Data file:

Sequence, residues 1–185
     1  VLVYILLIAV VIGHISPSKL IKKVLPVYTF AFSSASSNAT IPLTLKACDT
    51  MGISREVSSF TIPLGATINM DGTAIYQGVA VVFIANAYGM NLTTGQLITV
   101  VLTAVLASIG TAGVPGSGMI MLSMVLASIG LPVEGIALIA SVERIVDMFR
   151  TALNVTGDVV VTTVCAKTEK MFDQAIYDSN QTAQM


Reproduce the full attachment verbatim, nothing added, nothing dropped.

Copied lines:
Sequence, residues 1–185
     1  VLVYILLIAV VIGHISPSKL IKKVLPVYTF AFSSASSNAT IPLTLKACDT
    51  MGISREVSSF TIPLGATINM DGTAIYQGVA VVFIANAYGM NLTTGQLITV
   101  VLTAVLASIG TAGVPGSGMI MLSMVLASIG LPVEGIALIA SVERIVDMFR
   151  TALNVTGDVV VTTVCAKTEK MFDQAIYDSN QTAQM